[Originally published by ModelD. All photos depict homes that were occupied when they were acquired by Detroit Land Bank Authority but are now vacant.]
Detroit’s greatest paradox is its abundance of space and its scarcity of quality housing.
The massive stock of single family homes once sustained double the current population. Yet each year, more Detroit homeowners become renters, squatters or altogether homeless. The problem is complex but the solutions do not have to be: what is needed is an immediate, scalable solution that will create stability and an upward trajectory for people, property, and the city at large.
Above the land, exposed and hard
they’re aching just for touch.
They chase a thousand beaded dreams
but never have enough.
When aching grows, it overflows-
a sharp and biting cuss,
In our eyes, their reflection,
so, they tried to bury us
Inverted dome, we made it home-
a womb beneath the crust.
We bore so deep, in waking sleep,
like seeds with waterlust.
And when the river didn’t sate
We dug still lower wells,
unbudded branches lay in wait-
those fallow patient cells.
From depth restrained, and dark contained-
no count of nights gone by-
until that time, again we rise
roots first, and then the sky.
This poem is written as a message of solidarity from Detroit to Standing Rock, with particular recognition for the Pueblo Camp who taught me the significance of building shelter underground in the womb of the earth.
In the early morning light, a line of people slowly builds at the front doors of the 36th District Court. A bail bondsman in parachute pants stands patiently beside the line, waiting for the grinding gears of justice inside the building to churn out some clients for him.
The 36th District Courthouse is near the hub of Gratiot’s spoke, in an area that hosts an unlikely mix of functions: large-scale entertainment and criminal justice. Comerica Park and Ford Field are blocks away, and so is the unfinished jail, which is the possible site of a possible arena for a possible MLS team. The court itself is the subject of rumors about being turned into a hotel. Perfect. The sports-and-justice district brings an interesting variety of people here at different times of week and day. Sprinkled throughout are parking lots and hotdog vendors that are surprisingly well suited to both client bases.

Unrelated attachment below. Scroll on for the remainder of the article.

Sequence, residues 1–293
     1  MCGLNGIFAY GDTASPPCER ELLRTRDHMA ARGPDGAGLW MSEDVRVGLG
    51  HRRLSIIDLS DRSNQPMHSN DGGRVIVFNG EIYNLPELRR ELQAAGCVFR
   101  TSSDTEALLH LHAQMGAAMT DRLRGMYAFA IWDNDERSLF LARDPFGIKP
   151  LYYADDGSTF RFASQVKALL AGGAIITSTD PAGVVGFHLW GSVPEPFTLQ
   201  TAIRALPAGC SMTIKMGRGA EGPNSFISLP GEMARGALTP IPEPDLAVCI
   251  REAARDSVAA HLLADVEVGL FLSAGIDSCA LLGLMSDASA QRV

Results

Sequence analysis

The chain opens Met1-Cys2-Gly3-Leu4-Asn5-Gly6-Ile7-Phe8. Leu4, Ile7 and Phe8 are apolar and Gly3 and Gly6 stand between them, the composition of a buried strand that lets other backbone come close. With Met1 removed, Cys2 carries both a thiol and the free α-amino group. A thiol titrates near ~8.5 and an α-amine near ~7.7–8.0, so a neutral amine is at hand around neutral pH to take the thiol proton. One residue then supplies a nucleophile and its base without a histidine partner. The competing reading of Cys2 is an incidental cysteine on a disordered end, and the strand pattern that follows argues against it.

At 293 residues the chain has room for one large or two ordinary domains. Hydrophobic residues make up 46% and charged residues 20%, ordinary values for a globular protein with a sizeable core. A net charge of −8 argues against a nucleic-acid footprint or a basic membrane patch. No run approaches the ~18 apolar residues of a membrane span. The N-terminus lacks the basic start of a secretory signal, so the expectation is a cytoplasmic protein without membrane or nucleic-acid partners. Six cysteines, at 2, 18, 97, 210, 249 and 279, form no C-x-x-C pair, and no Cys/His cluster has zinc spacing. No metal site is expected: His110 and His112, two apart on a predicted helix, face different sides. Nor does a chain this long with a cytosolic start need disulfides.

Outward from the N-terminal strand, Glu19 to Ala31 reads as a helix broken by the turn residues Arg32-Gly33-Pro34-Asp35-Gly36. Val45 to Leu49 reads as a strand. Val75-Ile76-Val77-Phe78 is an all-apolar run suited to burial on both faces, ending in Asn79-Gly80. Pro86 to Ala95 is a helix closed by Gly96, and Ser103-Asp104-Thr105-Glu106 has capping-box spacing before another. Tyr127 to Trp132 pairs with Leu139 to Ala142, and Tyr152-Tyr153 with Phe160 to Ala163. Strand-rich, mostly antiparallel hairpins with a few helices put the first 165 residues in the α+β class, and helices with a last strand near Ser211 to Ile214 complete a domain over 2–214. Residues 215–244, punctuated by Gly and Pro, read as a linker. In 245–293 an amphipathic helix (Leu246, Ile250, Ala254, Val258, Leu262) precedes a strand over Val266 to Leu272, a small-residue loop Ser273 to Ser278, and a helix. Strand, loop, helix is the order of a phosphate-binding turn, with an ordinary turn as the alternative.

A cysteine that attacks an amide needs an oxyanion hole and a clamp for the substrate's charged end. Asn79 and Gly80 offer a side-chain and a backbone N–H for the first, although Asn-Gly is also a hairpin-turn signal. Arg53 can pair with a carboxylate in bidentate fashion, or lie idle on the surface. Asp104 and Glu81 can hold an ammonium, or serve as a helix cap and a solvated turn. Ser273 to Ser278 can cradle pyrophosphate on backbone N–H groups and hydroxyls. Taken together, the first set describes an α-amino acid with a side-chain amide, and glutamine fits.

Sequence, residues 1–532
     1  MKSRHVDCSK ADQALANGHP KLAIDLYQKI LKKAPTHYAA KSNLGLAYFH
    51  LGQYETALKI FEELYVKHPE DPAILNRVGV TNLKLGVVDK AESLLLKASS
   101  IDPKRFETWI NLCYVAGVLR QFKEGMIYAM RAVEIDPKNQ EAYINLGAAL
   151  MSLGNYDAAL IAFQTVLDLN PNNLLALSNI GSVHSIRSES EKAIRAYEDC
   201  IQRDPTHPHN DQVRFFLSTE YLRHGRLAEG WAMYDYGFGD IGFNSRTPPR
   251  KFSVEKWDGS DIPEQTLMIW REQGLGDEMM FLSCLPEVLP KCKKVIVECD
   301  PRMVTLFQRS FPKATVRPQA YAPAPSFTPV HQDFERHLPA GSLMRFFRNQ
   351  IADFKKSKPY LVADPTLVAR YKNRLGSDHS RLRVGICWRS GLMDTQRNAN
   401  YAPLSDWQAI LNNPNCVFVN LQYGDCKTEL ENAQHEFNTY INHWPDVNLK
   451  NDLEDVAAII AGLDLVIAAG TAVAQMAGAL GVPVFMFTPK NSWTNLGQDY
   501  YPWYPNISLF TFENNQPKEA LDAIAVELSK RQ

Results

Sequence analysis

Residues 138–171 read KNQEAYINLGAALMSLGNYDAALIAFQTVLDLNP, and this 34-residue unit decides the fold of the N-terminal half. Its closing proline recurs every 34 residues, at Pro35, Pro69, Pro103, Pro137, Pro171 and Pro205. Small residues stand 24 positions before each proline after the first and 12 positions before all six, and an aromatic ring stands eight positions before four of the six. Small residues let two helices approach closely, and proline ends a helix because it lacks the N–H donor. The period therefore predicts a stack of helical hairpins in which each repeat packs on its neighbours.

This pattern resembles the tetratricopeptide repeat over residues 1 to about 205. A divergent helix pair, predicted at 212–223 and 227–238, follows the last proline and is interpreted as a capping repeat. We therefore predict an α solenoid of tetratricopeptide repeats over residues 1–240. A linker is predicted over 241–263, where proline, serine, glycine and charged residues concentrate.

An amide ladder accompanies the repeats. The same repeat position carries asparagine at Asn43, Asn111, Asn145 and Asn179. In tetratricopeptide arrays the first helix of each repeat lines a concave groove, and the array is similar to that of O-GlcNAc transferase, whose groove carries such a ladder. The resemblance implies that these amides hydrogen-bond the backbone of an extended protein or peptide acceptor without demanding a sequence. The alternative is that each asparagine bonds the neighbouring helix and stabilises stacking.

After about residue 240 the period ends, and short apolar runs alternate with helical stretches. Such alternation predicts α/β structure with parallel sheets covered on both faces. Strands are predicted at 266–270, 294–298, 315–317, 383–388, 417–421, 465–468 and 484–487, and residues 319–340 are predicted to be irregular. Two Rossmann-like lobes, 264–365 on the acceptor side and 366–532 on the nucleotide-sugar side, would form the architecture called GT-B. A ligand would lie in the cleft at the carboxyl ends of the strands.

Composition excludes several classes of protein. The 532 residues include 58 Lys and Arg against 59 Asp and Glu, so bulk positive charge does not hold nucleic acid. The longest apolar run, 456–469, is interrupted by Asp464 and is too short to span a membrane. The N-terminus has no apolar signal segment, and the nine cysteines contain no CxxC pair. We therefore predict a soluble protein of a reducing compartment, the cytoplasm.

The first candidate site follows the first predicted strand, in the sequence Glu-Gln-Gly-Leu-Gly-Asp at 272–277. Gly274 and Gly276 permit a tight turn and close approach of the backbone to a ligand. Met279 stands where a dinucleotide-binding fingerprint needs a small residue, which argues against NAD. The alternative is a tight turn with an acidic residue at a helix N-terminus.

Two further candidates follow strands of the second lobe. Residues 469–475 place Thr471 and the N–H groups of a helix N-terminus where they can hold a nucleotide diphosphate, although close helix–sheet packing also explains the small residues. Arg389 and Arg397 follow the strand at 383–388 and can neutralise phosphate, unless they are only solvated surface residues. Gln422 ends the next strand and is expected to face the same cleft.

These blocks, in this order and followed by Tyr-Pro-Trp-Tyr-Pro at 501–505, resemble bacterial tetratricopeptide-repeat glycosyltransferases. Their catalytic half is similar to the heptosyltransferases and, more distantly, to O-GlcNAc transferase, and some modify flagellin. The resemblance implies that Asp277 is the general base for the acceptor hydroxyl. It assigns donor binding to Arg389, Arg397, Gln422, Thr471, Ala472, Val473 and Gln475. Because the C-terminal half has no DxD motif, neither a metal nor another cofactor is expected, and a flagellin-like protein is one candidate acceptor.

From where he sits in his tiny booth on the north side of the Fisher Building, Gerry can see about half of a city block. Gerry is the attendant for Tony’s Parking on Lothrop Street. He has spent at least 60 hours a week here for the past 30 years, and he knows this place and its people with an alarming intimacy, though he is oblivious to what occurs just around the next corner. When I moved into the apartment building adjacent to the lot that is Gerry’s province, I had no idea that this outspoken parking attendant would have such a persistent, if minor, role in my life.
Above all else, Gerry is a witness to this neighborhood. His official territory includes only the parking lot, but his domain extends as far as his vision. He is the type of figure that Jane Jacobs would herald as the best kind of “eyes on the street,” with mutual trust, if not affection, on the part of the observer and its subjects.
Gerry arrives to work every day before 7 a.m. He calls “information” to make sure the time on his clock is perfect so no one can say he overcharged. He surveys the area, shoveling snow away from the sidewalk or sweeping puddled rainwater into the sewer. As people arrive, he files cars in rows according to the duration of their stay to maximize capacity and minimize block-ins. It’s an endless game of horizontal tetris.
“How long you gonna stay?” he says in his faintly antagonistic way. Gerry is so severely gruff that it’s almost endearing because he seems to care so little about what others think of him. In Gerry’s eyes, everyone has an agenda and he’s not in it. He preempts others’ dismissal with casual conspiracies about people who look at him the wrong way “I know what she’s about.” Gerry knows that the people who visit his lot aren’t there for him; they are there for a service. After a brief exchange of money and words, Gerry is left to watch people’s prized possessions, alone, like an underappreciated nanny.
Gerry is famous for his non sequiturs: “Good morning!” might be answered with “My life is more complicated than yours” or “Ain’t nobody else could do this job.” Sometimes he just repeats himself by way of extending a conversation that lacks momentum: “You gotta go? You gotta go now? Where ya going? You gotta go?” This elementary form of interrogation actually works to the point that Gerry is the keystone of gossip in the surrounding social landscape. (You’d be surprised how much personal information you give away when everything you say is answered with “what else?” five consecutive times.) Continue reading “Parking Lot Gerry”
Gov. Rick Snyder has apologized for the inexcusable failures of leadership that led to the current situation in Flint, where tens of thousands of individuals, including children, have been poisoned, dismissed, neglected, and lied to. What’s clear at this stage is that great harm has been done to both people and the city’s infrastructure.
Now that state and local government have acknowledged the truth, they will have to do something about it. Any good nerd knows that “I’m sorry” doesn’t de-corrode miles of water piping or detoxify children – we need money to pay for that. But how will we find it? Here are some policy suggestions that could help ameliorate the water crisis in Flint and buttress the rest of our state’s deteriorating infrastructure.
Top it off
In the midst of ongoing financial and social instability in many of Michigan’s cities, the price of oil happens to be at a 10-year low. The current approach to this happy circumstance seems to be to just enjoy the break at the pump, but we are missing a real opportunity. The fact is that Michigan is facing grotesque infrastructure disinvestment, with aging roads and water infrastructure that our governments have proven to be either unwilling or incapable of addressing. We need to take collective action to take advantage of the opportunity that low oil rates present. What Michigan needs is a “Top Off” law that would set a price floor on gas prices.